Quantile regression can be more robust and flexible than traditional regression methods, especially when focused on extreme values or tail events. Quantile regression has applications in various fields, including economics, finance, environmental sciences, health research, and social sciences. It allows researchers to analyze the relationship between variables across different quantiles, providing a more nuanced understanding of the data and capturing the conditional distributional effects.
Quantile regression can be used in a wide range of applications in predictive analytics, such as finance, healthcare, and marketing.
Quantile Regression with Statgraphics 19
Quantile Regression Webinar by Statgraphics Technologies, Inc.
This webinar, led by Neil Palhemus, an expert in the field, delves into the fundamental concepts and practical applications of quantile regression. Discover the application of quantile regression using Statgraphics 19.
The webinar explores the basic model structure, provides examples, and discusses analysis options and methods. Learn about the model construction process and the relationship between predictor variables and quantiles. The presentation highlights the differences between quantile regression and ordinary least squares regression, emphasizing that quantile regression focuses on predicting selected quantiles rather than the mean.
The webinar demonstrates the usage of Statgraphics 19 for implementing quantile regression and explains how to install and configure R, a statistical computing language required for quantile regression in Statgraphics.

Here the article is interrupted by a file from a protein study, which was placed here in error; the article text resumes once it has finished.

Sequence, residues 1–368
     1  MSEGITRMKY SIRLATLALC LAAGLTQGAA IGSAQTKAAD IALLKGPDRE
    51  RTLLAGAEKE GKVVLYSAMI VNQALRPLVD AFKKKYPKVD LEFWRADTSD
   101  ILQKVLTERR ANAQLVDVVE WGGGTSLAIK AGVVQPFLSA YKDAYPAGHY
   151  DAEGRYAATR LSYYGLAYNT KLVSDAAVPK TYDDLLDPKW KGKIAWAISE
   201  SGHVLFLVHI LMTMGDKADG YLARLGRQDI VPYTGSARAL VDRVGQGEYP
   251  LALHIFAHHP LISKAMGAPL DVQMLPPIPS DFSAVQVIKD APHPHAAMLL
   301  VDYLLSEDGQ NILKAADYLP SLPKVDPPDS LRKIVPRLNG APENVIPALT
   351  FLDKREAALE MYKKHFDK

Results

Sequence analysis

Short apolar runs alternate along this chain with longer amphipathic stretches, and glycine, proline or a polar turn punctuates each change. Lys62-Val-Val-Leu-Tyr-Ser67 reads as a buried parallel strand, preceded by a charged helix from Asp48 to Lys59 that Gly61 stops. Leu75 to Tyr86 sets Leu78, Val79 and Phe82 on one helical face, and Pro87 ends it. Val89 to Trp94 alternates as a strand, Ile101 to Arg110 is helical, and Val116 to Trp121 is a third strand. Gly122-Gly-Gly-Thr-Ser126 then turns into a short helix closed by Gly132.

Whether you are new to quantile regression or seeking to enhance your understanding of its applications, this webinar provides valuable insights and practical examples.
Quantile regression differs from linear and logistic regression by estimating the mean of the response variable and its distribution at different quantiles. It allows for a more detailed analysis of the relationship between predictors and the response variable.
Assumptions of quantile regression include linearity of the conditional distribution of the response variable and homoscedasticity of the error term. Limitations include difficulty interpreting results, sensitivity to outliers, and misspecification of the conditional distribution.
The appropriate quantile level for a given dataset can be selected by identifying the specific research question and the distribution of the data. A range of quantile levels may be examined to determine the optimal fit for the regression model.
Quantile regression can be used for non-linear relationships between variables by incorporating polynomial terms or splines in the model. It provides estimates of conditional quantiles and allows for the examination of the heterogeneity of effects across the distribution of the response variable.
The interpretation of quantile regression analysis results involves examining the coefficients of the independent variables at various quantiles of the dependent variable. This approach provides a more nuanced understanding of the relationship between the variables and can identify differences in the effects across the distribution.